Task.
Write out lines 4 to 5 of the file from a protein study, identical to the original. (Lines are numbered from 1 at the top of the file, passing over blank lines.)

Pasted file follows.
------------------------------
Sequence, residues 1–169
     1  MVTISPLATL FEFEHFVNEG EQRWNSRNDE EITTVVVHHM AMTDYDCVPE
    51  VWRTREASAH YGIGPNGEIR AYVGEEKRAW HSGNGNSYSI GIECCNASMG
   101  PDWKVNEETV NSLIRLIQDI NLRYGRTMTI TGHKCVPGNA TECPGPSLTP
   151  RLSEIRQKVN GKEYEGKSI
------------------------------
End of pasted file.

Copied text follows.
   101  PDWKVNEETV NSLIRLIQDI NLRYGRTMTI TGHKCVPGNA TECPGPSLTP
   151  RLSEIRQKVN GKEYEGKSI